Sir Ken Robinson made useful observations about the difference between practitioners, theorists and policy makers in his counter talk:

July 29, 2012 at 11:44 PM  
Blogger Dilip Barad said...

Yes, I agree... we need to rethink issues in education system... Issues of the bygone ages are no more issues for the 21st cen learners.
The inventions like internet, wifi and tablet (as you rightly observed) have brought drastic change in learning habits.
The problem with policy makers (in edu sys) is that - as they have brought up and learned in different environment, it is impossible for them to understand new learning habits - Alvin Toffler was right - we need to learn to 'unlearn'...

July 30, 2012 at 9:33 AM  
Blogger Teemu Leinonen said...

I am not that optimistic.

The Internet, WiFi and tablets will definitely help *those* individuals who are able to regulate and guide themselves — in practice observe and evaluate their own behavior. They must be reflective not only on their own thinking and motivation but also able to evaluate and be responsive on their peers thinking and motivation.

The question is how large is the population that is able to regulate and reflect the way the open, distance, autonomous, life long and collaborative learning requires?

My hypothesis is that as an inborn skill (or gift) these skills exist extremely rarely (those people get the nobel prizes).

I base this to the experience in Scandinavian countries. We have had free and open access to great libraries, in practice for all for a couple of centuries. There are great results. Many people use hundreds of libraries in all the towns and neighborhoods. They learn on their own with their peers. There are, still, many people who *never* go to library, neither are they interested in to to study anything. Many people simply do not use the opportunity.

My second hypothesis is that anyone can still learn these skills.

One can learn these skills (like any other) by practicing them. To get people to practice them we probably still need brick and mortar places where people will come to study these skills. That is why, although it is a kind of paradox, I think the Universal Declaration of Human Rights' Article on education claiming that even if everyone has the *right* to education it still should be compulsory is pretty smart. :-)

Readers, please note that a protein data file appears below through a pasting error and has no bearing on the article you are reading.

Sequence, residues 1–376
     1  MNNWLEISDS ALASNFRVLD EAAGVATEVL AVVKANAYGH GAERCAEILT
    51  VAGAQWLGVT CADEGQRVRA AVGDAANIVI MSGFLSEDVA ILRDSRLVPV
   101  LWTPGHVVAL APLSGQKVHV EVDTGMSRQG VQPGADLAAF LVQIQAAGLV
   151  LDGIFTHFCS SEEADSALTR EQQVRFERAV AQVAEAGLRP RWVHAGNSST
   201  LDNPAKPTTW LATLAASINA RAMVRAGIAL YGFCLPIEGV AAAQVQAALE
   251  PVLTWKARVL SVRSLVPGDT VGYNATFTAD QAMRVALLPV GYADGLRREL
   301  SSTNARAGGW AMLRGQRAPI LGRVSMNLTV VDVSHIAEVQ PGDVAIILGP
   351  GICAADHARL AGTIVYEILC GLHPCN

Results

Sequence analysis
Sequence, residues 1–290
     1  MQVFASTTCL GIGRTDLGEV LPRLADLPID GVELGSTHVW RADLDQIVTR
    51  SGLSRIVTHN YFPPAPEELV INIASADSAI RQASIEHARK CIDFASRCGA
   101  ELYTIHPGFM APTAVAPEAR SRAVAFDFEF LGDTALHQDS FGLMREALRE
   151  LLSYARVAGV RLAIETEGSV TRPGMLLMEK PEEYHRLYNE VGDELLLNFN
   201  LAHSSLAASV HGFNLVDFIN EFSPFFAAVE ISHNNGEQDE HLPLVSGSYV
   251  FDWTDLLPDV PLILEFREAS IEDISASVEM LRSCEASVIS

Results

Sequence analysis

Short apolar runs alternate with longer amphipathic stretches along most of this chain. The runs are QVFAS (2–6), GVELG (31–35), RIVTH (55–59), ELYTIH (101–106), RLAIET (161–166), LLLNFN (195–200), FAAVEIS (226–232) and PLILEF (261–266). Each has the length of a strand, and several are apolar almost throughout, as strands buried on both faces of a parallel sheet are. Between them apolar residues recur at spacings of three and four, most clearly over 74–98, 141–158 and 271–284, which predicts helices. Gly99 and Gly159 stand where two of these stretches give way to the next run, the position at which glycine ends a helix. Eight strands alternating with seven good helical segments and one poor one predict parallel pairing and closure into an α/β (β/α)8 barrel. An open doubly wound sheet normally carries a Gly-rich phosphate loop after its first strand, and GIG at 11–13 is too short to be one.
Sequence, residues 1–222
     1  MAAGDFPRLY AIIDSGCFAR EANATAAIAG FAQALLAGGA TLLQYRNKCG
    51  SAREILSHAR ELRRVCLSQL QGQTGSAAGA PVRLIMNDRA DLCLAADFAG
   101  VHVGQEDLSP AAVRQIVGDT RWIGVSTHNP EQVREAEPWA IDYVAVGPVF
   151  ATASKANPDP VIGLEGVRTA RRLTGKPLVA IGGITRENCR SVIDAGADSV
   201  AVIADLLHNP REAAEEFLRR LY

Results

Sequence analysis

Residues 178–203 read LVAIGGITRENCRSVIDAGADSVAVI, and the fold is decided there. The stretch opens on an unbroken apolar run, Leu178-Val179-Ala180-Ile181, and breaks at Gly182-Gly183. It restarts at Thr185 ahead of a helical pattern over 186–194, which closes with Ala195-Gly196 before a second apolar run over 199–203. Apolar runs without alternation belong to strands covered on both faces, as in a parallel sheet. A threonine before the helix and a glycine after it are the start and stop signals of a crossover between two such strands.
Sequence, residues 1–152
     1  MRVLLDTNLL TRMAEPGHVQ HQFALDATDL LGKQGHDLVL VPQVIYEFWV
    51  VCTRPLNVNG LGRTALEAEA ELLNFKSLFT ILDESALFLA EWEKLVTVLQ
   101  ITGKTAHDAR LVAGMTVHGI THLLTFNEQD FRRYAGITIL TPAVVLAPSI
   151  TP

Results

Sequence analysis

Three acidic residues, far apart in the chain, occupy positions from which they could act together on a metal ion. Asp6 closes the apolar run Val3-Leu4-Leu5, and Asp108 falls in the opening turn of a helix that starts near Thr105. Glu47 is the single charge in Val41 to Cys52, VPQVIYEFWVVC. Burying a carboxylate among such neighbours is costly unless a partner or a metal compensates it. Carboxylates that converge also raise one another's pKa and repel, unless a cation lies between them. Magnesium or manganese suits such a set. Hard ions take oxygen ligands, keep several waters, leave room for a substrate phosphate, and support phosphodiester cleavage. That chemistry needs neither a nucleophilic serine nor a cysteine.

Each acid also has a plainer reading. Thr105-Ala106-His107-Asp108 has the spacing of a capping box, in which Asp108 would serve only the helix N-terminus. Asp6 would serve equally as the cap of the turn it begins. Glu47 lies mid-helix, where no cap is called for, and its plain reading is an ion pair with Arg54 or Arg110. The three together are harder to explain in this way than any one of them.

July 30, 2012 at 2:06 PM  
Blogger Diana F. Zalazar said...

Very interesting post and the subsequent discussion. I think we should be able to differentiate between learning in general, that supposes the development of every person, and learning in the strict sense, that which is to acquire and reconstruct certain scientifically validated knowledge. I think two questions:
As far as general learning processes can meet the more complex modes of human thought without the intervention of an educational institution? and
How to make the school will live up of psychosocial changes in the new environment?

August 1, 2012 at 5:27 AM  
Blogger Torn said...

Sugata, how do you respond to the findings that so far the virtual public schools in the US are performing worse than the brick and mortar schools? (See:

The most powerful players in online education will be venture capitalists (K12 Inc in the US was set up by an ex-Wall St banker). The idea of the school as a factory ought to remain a thing of the past, but is the school as educational supermarket a welcome replacement?

I will be looking forward to reading how you connect your advocacy of the demolition of brick and mortar schools to an inspiring image of a better world in which people will look back at how we behave now and be shocked at the barbarism of it all. I sometimes get the impression that you are sharing a bed with Fukuyama, believing that (now that we have the internet) history has essentially ended, and our only task is to get old-fashioned institutions like schools to wake up to the fact.

August 10, 2012 at 1:57 AM  
Blogger petersmith said...

I don't believe that technology will transform our industrial scale education systems until the purpose of education in our society is understood.